#AceHealthReport – July.29: There have been more than 300,000 confirmed cases of coronavirus so far in the UK and over 45,000 people have died, government figures show:
Here we a take a look at some of the key figures of the pandemic in the UK – estimates of the death toll and whether cases are rising or fallingL You can also find out more about cases in your area using our search tool and map: https://coronavirus.data.gov.uk/
#Coronavirus Report: How many confirmed cases are there in your area?
Find out how the pandemic has affected your area and how it compares with the national average:
Public Health England figures on coronavirus cases were updated on 2 July to include people tested in the wider community, as well as hospitals and healthcare workers, causing the numbers to increase sharply. Figures for the rest of the UK already included people tested in the wider population.
Decline in new cases stalls amid concern over hotspots
The new coronavirus, which causes the disease Covid-19, was first confirmed in the UK at the end of January, but the number of daily confirmed cases and related deaths only began to increase significantly by the second half of March: Lockdown restrictions came into force across the UK at the end of that month and the number of new confirmed cases continued to rise until April, before starting to fall steadily throughout May and June: However, the downward trend now appears to have stalled: On Tuesday, a further 581 cases were reported.
Since some of the March lockdown restrictions were eased, a number of local outbreaks have been identified across the country: Health Secretary Matt Hancock says targeted action is being taken every week against such clusters of infections. …….The Lancashire town of Blackburn with Darwen is one of the latest hotspots, where coronavirus cases are rising, as is Luton in Bedfordshire. Both towns say gyms and other leisure facilities will remain closed for the time being……………Local lockdown measures were announced in Leicester at the end of June and although non-essential shops were told last Friday they could reopen, people have been urged not to leave their homes just to go shopping……………..Public Health England has also produced a coronavirus watchlist of areas, based on an assessment of incidence rates, and other indicators such as trends in testing, local responses and plans, healthcare activity and mortality.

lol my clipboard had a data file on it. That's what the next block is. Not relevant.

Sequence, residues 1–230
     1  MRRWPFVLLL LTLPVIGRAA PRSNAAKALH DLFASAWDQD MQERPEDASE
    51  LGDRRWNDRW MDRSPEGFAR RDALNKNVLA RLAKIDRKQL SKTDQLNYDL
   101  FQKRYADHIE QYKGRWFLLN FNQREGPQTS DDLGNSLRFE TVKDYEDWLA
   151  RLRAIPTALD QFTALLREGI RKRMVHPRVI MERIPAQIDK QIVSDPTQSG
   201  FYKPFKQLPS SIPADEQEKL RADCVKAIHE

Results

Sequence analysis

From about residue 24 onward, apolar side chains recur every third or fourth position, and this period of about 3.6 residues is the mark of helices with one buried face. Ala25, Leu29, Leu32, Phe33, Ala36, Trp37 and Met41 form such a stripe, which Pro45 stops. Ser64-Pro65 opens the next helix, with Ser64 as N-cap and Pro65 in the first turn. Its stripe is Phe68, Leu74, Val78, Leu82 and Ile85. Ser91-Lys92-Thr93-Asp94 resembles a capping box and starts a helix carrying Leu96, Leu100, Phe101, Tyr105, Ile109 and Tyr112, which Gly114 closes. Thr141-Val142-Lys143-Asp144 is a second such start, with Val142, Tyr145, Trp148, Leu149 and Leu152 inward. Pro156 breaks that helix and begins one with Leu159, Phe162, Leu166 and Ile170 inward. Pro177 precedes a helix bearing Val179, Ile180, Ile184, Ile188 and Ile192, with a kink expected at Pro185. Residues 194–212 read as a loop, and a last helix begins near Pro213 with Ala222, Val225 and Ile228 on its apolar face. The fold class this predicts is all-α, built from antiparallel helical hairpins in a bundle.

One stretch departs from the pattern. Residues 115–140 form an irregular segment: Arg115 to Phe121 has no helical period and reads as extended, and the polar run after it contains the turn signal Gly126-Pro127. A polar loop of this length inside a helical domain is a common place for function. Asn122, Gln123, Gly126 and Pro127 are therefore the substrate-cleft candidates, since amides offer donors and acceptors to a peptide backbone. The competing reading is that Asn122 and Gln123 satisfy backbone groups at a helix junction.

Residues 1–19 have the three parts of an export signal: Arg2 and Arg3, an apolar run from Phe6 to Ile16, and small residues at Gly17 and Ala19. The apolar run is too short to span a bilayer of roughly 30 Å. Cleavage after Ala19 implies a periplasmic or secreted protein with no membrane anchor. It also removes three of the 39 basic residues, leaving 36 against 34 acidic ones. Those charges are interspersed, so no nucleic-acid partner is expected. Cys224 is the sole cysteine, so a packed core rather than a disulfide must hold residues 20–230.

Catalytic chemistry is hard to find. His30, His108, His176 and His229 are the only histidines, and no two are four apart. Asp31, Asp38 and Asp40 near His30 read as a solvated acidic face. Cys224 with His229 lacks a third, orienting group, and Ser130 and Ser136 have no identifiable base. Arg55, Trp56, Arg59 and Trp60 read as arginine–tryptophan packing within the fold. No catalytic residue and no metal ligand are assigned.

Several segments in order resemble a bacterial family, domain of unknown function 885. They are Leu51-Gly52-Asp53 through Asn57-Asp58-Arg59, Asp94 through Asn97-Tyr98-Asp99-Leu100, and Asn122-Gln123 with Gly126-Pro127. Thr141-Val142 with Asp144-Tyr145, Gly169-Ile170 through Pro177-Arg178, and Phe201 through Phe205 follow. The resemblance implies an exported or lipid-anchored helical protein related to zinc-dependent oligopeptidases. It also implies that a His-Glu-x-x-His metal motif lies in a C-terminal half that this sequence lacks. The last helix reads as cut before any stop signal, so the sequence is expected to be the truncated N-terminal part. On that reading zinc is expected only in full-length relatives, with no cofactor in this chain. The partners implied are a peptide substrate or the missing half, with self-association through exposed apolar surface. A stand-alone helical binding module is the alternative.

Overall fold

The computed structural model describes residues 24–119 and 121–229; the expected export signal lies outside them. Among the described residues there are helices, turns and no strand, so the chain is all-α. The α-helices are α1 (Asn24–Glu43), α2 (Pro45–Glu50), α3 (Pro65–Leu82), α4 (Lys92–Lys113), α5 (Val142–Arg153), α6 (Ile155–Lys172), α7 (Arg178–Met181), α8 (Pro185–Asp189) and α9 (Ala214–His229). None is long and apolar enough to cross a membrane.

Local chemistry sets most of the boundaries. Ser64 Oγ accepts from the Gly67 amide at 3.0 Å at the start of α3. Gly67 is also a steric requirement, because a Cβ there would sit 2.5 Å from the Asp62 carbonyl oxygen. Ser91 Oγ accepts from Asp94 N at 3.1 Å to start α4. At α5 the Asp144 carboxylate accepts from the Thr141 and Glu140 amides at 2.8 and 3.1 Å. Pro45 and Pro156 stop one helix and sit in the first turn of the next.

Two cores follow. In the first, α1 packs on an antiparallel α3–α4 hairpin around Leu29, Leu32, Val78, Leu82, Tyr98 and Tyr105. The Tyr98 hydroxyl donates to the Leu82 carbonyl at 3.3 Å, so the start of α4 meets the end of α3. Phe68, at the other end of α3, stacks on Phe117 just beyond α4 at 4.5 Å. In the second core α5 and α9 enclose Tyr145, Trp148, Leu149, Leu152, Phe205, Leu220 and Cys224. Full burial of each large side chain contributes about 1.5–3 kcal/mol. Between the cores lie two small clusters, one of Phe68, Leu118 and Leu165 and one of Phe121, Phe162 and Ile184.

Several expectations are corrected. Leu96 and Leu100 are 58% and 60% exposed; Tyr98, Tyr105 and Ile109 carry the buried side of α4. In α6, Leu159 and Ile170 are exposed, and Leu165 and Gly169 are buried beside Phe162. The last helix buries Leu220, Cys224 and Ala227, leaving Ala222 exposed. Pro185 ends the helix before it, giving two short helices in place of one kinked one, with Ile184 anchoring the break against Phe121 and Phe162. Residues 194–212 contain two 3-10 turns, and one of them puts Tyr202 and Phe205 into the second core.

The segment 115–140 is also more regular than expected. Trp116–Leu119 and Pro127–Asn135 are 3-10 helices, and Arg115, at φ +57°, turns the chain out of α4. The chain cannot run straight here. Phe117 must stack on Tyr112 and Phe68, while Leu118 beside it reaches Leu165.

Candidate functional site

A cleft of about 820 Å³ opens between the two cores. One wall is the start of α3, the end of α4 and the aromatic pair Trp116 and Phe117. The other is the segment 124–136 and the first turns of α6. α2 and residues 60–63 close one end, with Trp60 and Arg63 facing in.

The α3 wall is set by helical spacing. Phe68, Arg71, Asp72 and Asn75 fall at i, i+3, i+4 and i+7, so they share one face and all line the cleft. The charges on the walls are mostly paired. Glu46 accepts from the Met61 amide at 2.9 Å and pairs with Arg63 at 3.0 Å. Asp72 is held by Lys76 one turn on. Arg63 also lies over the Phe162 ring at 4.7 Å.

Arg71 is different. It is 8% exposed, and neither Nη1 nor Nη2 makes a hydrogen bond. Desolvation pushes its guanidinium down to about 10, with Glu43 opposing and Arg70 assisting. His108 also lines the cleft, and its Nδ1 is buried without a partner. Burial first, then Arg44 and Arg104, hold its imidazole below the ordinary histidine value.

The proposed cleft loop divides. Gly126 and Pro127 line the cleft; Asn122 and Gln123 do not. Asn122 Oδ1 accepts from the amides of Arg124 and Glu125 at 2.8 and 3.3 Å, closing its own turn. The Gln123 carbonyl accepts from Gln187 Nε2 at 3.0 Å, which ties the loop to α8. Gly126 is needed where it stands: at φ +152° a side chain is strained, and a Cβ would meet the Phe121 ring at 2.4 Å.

Decline in daily deaths has slowed
While the fall in the number of new cases of coronavirus appears to have stalled, government-announced deaths have continued to drop since a peak in mid-April, though the downward trend has slowed recently: On Tuesday, a further 119 deaths were reported. On Monday there were only seven deaths announced, but the figure is often lower at weekends and just after because there is a delay in reporting deaths on Saturdays and Sundays: The latest figures were published on the government’s coronavirus dashboard – although a review is taking place into the way deaths from coronavirus are counted in England.
Public Health England have confirmed that reported deaths may have included people who tested positive months before they died: Other UK nations include only those who died within 28 days of testing positive for coronavirus: Health Secretary Matt Hancock told a Commons committee last week that the results of the review would be published “very, very shortly”…………..The majority of the UK’s deaths have been in England, with just over 41,000 so far.
No new deaths were reported in Wales, Scotland or Northern Ireland on Tuesday: Coronavirus in Scotland: Key figures and trends & What do the stats tell us in Wales? But so far they have not ‘ fully opened up ‘ the hospitality sector ‘ together with their airports:
What is the R number in the UK?
The “R number” is the average number of people an infected person will pass the disease on to.
If R is below one, then the number of people contracting the disease will fall; if it is above one, the number will grow.
The Scientific Advisory Group for Emergencies, known as Sage, believes the R number across the whole of the UK is currently between 0.7 and 0.9.
The government says in England itself it is between 0.8 and 1.0.
The estimate for Scotland is between 0.6 and 0.9. In Northern Ireland it is between 0.7 and 0.9, while it is between 0.6 and 0.8 in Wales.
The government has said in the past that the R number is one of the most important factors in deciding when lockdown measures can be eased. But it now says that infection rates are too low to calculate R precisely in all areas of the UK.
#AceHealthDesk report ……….Published: July.29: 2020:
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